Go over your will once every two years. You may have to update the information regarding a beneficiary if they pass away before you or you have a change of heart and need to revise your gift or bequest to them.
9 – Sign off the document.
Once your will is complete, you should sign and date it in the presence of two reliable witnesses. Make sure they are at least 18 years old and are not beneficiaries. Ask them to sign and date it too.
10 – Keep it in a safe place.
U.S. laws do not require you to register your last will (and testament) after you write it. However, you can register basic information about your will, including its location with a few states and some electronic will-making companies.
In some jurisdictions, you can also store the original will with the probate court. Many people store their wills in a safety deposit box and keep a copy at home. You can do the same, but remember to tell your executor where you kept the original document.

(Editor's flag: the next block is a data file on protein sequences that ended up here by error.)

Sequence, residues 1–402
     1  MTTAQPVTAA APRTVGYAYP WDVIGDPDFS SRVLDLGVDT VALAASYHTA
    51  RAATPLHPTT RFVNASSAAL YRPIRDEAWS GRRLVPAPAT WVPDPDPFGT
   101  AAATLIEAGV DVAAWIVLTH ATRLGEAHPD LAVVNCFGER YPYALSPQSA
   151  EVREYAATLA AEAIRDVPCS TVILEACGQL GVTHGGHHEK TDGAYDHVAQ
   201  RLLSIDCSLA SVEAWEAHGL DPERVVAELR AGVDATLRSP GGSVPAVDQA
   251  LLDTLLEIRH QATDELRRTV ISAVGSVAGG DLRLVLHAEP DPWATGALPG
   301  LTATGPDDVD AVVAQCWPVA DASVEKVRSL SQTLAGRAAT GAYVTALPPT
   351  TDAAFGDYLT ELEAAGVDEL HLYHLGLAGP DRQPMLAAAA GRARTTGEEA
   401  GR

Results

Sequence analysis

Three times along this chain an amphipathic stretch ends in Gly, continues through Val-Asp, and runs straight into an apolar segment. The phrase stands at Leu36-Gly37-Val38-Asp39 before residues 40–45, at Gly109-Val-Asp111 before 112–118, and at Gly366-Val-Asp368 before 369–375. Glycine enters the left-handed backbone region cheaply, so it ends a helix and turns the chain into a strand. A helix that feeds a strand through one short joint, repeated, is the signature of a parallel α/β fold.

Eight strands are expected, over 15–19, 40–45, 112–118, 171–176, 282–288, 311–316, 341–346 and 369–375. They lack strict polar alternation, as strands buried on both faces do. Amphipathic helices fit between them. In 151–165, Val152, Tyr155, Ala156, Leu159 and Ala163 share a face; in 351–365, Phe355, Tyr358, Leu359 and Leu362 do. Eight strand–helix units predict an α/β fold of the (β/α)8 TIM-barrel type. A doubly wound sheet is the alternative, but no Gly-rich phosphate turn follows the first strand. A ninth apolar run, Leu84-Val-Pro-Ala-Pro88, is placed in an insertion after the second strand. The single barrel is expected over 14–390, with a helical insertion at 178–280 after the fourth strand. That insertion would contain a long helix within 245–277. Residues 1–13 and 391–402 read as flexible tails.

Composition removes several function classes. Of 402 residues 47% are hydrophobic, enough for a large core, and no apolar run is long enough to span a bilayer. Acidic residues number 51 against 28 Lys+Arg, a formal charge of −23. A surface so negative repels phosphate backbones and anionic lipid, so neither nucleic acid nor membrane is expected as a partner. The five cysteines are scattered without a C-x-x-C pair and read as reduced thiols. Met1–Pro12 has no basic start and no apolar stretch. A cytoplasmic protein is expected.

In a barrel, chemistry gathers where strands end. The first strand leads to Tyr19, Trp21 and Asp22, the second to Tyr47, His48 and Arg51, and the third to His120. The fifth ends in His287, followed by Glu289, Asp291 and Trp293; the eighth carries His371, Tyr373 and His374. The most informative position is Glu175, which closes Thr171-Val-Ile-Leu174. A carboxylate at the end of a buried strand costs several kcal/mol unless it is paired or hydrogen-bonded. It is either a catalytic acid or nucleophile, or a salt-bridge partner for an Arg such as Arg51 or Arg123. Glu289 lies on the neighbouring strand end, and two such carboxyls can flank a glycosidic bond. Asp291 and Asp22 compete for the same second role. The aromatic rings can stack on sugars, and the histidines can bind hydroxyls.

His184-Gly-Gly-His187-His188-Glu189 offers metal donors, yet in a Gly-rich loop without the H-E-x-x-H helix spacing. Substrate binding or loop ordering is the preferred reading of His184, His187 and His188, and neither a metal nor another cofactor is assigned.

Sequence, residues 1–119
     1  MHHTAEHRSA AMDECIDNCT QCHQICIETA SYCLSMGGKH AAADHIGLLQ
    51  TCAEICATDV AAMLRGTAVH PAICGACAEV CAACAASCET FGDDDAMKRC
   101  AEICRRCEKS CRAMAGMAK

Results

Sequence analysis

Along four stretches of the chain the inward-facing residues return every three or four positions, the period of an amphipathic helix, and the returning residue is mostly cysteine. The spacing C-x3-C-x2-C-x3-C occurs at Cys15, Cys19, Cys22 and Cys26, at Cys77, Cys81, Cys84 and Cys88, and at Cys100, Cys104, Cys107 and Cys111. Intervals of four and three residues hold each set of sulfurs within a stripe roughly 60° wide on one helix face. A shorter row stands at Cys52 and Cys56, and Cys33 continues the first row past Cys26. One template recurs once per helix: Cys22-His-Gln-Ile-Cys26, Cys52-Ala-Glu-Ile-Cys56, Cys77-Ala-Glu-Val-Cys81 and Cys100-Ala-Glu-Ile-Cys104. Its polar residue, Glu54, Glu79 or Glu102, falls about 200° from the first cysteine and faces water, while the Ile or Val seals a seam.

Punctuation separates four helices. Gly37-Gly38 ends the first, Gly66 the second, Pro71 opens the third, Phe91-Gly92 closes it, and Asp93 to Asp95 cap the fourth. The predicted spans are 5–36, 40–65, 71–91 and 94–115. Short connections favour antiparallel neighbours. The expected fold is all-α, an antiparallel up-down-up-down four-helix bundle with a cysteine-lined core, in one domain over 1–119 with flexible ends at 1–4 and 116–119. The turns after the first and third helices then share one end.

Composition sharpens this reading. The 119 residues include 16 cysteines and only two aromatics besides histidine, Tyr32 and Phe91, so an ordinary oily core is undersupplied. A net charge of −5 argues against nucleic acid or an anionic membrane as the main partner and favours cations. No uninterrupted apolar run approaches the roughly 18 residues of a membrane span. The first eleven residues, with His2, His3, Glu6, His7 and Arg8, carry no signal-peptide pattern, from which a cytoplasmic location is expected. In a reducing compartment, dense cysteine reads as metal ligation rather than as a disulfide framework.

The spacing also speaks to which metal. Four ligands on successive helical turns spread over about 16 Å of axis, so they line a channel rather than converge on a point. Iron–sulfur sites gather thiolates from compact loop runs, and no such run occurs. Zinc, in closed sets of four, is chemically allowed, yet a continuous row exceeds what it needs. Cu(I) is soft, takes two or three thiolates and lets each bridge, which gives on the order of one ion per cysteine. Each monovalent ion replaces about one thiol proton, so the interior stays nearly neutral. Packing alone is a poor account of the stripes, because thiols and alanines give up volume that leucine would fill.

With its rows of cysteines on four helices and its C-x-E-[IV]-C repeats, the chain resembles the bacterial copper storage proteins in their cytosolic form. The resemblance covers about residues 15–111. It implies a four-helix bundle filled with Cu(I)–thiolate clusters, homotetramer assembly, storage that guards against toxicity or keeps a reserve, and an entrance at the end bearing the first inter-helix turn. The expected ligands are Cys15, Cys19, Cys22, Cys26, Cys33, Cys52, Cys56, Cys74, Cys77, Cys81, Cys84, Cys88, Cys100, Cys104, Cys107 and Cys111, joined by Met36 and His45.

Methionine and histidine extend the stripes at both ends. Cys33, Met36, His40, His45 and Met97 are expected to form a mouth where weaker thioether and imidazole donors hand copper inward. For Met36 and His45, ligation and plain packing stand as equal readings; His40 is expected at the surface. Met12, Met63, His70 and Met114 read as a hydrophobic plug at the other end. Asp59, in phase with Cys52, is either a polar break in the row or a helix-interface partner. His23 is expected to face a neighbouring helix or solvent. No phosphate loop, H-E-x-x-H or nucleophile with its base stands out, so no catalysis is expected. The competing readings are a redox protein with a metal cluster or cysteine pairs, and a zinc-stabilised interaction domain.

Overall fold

It is vital to prepare a will if you don’t want there to be chaos and disputes after your passing. Writing a will requires extreme attention to detail since the right people must receive your belongings.
Besides being precise and specific, the document must present a list of all the assets and property of every kind, nature, character, description, and a lowdown on how everything is to be distributed amongst the heirs and beneficiaries.
Choosing a trustworthy executor and guardian for minor children is equally important. If you’re unsure how to write a will, we suggest you consult a lawyer. They can advise you better on how you can distribute your estate equitably.